After you determine that earning an MBA degree is in your future the next step is to decide which type of MBA program best suits your lifestyle and career goals. Earning a MBA may be a good decision for professionals hoping to take their careers to the next level. The knowledge and skills gained in an MBA program might help enhance job performance and potential career opportunities. There are several different MBA program options available to students, these offerings are designed to help students customize their educational path, help prepare them to pursue potential career opportunities in their desired field, and create a learning environment that complements the students learning style and academic preferences.
Three common types of MBA programs designed to provide students with customized learning options are the JD/MBA, the executive MBA, and the traditional MBA.
The JD MBA
Students in a JD / MBA program engage in coursework that may help them earn both a law degree (Juris Doctorate) and a business degree (Master of Business Administration). Generally speaking, most JD / MBA programs last four years, although some schools have begun offering three-year programs. The dual degree may help you enhace your career in either law or business, and it might afford you more flexibility for switching careers. A JD / MBA might be particularly useful if you plan to pursue potential career opportunities in corporate law.
The Executive MBA
An executive MBA program is designed for individuals who have accumulated a significant amount of work experience. Students in an executive MBA program might come from a variety of professional backgrounds, from non-profits to the corporate world to government, and customarily work at their full-time job in addition to attending the program on a part-time basis. That means most classes are held at night or during the weekend.
Most students begin their executive MBA program with significant professional experience; ten to fifteen years is not uncommon, and some may even be mid-career. Generally speaking, the executive MBA serves to enhance and build upon a skill set that the student may already have, at least to some degree. The EMBA might be for you if you’re already in management (or own your own business) and you are looking to increase your knowledge or qualify for a promotion. If you work for a company, it’s quite possible that they’ll foot your tuition bill, provided you commit to remain in their employment for a specific amount of time.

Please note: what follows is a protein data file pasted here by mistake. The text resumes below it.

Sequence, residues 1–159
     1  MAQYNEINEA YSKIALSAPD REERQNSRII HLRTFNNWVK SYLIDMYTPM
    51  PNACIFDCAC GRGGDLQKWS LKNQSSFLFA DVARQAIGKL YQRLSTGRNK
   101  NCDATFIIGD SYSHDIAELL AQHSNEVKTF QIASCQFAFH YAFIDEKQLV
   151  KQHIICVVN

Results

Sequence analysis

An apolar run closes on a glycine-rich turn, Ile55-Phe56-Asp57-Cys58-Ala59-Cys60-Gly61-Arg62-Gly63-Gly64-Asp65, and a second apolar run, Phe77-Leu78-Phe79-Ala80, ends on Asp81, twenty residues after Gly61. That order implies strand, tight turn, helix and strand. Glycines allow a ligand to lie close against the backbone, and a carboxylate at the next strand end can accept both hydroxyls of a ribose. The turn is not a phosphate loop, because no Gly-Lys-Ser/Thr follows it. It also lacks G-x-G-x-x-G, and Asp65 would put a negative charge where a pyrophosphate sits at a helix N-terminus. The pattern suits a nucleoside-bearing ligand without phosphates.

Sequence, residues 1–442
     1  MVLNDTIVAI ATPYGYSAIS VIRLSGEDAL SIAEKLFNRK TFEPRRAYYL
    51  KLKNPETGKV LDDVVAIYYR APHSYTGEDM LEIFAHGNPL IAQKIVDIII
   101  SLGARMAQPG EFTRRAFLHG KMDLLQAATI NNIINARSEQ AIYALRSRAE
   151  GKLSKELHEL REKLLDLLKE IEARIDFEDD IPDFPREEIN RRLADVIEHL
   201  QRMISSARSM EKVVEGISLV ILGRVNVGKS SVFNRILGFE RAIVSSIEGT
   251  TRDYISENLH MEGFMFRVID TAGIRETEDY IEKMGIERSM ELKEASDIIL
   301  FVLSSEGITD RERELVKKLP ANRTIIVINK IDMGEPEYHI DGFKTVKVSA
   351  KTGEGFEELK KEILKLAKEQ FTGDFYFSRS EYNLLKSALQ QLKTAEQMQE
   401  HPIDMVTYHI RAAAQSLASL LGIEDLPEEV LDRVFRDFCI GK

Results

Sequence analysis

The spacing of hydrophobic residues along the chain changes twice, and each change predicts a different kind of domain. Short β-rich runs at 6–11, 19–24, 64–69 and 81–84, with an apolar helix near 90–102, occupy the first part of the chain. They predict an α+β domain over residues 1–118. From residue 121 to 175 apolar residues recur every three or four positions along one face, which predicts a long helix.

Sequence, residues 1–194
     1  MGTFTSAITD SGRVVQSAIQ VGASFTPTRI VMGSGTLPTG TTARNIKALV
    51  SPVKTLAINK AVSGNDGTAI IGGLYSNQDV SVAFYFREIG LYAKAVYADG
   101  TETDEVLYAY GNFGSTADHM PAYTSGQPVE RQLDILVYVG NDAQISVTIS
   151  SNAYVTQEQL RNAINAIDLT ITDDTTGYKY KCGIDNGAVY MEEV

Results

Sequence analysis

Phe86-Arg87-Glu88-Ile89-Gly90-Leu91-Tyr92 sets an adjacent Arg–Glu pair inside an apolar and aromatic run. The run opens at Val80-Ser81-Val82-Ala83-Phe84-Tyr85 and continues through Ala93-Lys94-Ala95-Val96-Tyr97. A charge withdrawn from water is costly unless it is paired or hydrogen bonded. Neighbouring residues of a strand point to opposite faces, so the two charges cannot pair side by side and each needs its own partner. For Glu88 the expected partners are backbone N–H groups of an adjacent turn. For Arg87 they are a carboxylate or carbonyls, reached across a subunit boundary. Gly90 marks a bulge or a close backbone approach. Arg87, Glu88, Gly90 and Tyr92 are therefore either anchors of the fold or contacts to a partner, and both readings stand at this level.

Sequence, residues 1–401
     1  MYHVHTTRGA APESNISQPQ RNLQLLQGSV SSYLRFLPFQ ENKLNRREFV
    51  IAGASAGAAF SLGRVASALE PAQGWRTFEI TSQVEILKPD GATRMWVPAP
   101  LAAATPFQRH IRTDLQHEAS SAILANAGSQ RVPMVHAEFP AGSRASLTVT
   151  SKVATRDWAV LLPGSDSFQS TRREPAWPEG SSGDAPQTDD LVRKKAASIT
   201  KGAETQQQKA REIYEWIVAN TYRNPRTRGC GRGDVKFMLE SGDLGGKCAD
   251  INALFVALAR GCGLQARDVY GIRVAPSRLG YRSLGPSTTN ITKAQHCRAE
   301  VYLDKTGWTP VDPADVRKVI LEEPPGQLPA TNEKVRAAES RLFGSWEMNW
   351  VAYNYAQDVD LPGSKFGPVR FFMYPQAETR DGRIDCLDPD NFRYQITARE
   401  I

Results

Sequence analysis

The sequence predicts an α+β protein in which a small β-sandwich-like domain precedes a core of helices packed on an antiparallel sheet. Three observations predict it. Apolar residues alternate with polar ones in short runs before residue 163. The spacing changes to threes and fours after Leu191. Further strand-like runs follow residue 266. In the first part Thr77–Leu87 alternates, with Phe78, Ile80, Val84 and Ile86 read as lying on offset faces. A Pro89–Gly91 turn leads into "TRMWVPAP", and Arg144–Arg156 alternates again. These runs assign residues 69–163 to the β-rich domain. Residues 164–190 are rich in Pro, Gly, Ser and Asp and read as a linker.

Traditional MBA Programs: One Year MBA, Two Year MBA & Part-Time MBA Programs
Students applying to an MBA program shortly after earning an undergraduate degree often opt for the traditional, full-time, two-year MBA. Loss of earnings (due to full-time enrollment) at that stage in the game is not usually as significant as it might be in later years. Unlike the executive MBA, most two year MBA programs do not assume students have real world business experience. The traditional MBA may also be a good fit for professionals working in non-business related fields who hope to transition their current position into a more managerial role, or for those who would like to switch their career focus completely.
Accelerated one year MBA programs offer similar course to the traditional 2 year MBA, students in one year MBA programs typically take classes for the entire year. This means that while everyone else is on summer or winter break, individuals in a one year MBA program a diligently working their way towards earning their degree. Conversely, individuals enrolled in a part-time MBA program typically enroll in 2-3 classes a semester, they may take summer and winter courses to try to earn their degree faster, but most of the time individuals enrolled in part-time MBA programs take 3-4 years to complete their coursework.
The type of MBA program you choose to enroll in will depend on your unique background and qualifications, your educational and career goals, and your personal and financial circumstances. Earning any type of MBA degree may help you improve your ability to think and work in the professional world.